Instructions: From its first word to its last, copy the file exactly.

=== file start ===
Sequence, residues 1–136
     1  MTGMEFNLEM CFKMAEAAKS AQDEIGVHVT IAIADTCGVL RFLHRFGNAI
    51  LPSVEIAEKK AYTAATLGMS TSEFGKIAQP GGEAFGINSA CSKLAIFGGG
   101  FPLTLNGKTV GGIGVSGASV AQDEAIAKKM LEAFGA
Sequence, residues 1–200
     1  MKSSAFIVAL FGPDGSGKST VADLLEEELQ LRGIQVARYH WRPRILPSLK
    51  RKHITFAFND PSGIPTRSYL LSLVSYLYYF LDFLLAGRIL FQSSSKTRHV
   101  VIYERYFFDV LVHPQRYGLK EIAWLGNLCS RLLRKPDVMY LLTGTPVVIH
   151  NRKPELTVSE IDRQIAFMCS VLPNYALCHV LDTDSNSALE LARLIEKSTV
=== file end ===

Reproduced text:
Sequence, residues 1–136
     1  MTGMEFNLEM CFKMAEAAKS AQDEIGVHVT IAIADTCGVL RFLHRFGNAI
    51  LPSVEIAEKK AYTAATLGMS TSEFGKIAQP GGEAFGINSA CSKLAIFGGG
   101  FPLTLNGKTV GGIGVSGASV AQDEAIAKKM LEAFGA
Sequence, residues 1–200
     1  MKSSAFIVAL FGPDGSGKST VADLLEEELQ LRGIQVARYH WRPRILPSLK
    51  RKHITFAFND PSGIPTRSYL LSLVSYLYYF LDFLLAGRIL FQSSSKTRHV
   101  VIYERYFFDV LVHPQRYGLK EIAWLGNLCS RLLRKPDVMY LLTGTPVVIH
   151  NRKPELTVSE IDRQIAFMCS VLPNYALCHV LDTDSNSALE LARLIEKSTV